Making Order in the Vaults of Memory: Tamil Satellite Stanzas on the Transmission of Texts

  • Eva Wilden Universität Hamburg
Keywords: Tamil, Caṅkam literature, oral literature, manuscript studies, printing history


The Tamil intellectual universe, like so many others, underwent a profound change in the course of the 19th century, the period when print, although not unknown before, became available for the first time on a large scale, which allowed the publication and dissemination of a variety of text corpora from the Tamil poetic and religious traditions. This process has been described in recent years, for its material and political impact, from a number of sides, be it manuscript studies, print studies and literary or general social history. An understudied aspect seems to be the sources of continuity in this transformation, and an important part of these is a type of free-floating stanza, most often a four-liner in the Veṇpā metre, transmitted in the paratextual margins of texts, orally handed down from teacher to student and figuring large in prefaces and introductions to the early prints. It is these little verses of mostly indeterminable date and origin which helped to shape the form today’s corpora and canonic works are printed in. They have to be understood, on the one hand, as a way precarious knowledge was preserved in periods of instability and perishable media, and on the other hand as specimens of a literary genre by itself. Moreover, there are reasons to believe that they were deemed important enough to supply them in cases where transmission failed.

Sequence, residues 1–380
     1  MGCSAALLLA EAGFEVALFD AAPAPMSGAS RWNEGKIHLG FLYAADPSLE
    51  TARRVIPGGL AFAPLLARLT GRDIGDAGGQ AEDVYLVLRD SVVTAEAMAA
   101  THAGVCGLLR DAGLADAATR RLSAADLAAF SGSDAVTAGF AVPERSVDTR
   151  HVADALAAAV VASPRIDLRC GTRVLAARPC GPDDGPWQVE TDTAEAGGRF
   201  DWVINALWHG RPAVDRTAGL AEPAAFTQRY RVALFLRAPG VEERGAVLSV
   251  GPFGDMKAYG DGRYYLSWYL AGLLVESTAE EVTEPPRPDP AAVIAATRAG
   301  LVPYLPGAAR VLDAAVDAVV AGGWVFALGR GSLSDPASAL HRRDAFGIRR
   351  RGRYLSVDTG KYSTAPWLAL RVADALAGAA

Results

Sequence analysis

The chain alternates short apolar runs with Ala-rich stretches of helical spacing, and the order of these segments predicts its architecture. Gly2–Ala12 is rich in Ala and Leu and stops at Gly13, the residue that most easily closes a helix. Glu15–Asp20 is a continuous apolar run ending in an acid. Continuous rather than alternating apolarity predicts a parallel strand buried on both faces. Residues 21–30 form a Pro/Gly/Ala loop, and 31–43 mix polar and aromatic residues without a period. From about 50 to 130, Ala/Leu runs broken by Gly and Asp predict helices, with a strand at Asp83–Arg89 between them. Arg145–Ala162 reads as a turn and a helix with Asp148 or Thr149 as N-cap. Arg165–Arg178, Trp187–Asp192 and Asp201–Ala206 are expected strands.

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Author Biography

Eva Wilden, Universität Hamburg

Eva Wilden studied Indology and Philosophy at the University of Hamburg, where she took a doctorate on Vedic ritual and afterwards specialised in Classical Tamil under the guidance of S.A. Srinivasan. Her habilitation Literary Techniques in Old Tamil Caṅkam Poetry: The Kuṟuntokai was published in 2006. Since 2003 she is employed as a researcher at the École Française d’Extrême-Orient in Pondicherry, which for a number of years gave her the occasion to study daily with the late lamented T.V. Gopal Iyer. She is head of the Caṅkam Project, occupied with the digitisation and edition of Classical Tamil manuscripts

( and organiser of a yearly Classical Tamil Summer Seminar in Pondy. She is external member of the Sonderforschungsbereich 950 at the Hamburg Centre for the Study of Manuscript Cultures.


Primary Sources

a) Manuscripts

Aiṅkuṟunūṟu Tiruvāvaṭutuṟai Mutt Library (TVM) Eṭṭuttokai

U.V. Swaminathaiyar Library (UVSL) 98

Aintiṇai Aimpatu Government Oriental Manuscript Library (GOML) D.205/TD.84

GOML D.206/TD.53

GOML D.207/D.137

Akanāṉūṟu TVM Eṭṭuttokai

UVSL 237

UVSL 11/73

UVSL 4/66

UVSL 5/67

GOML R-5734/TR1050

Kaliyārāycci GOML R-5780

Kīḻkkaṇakku UVSL 885

UVSL 603

UVSL 1078

Paripāṭal UVSL 1077

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Change of Paradigms and Mechanical (Re)discoveries: Manuscript and Print Cultures across Asia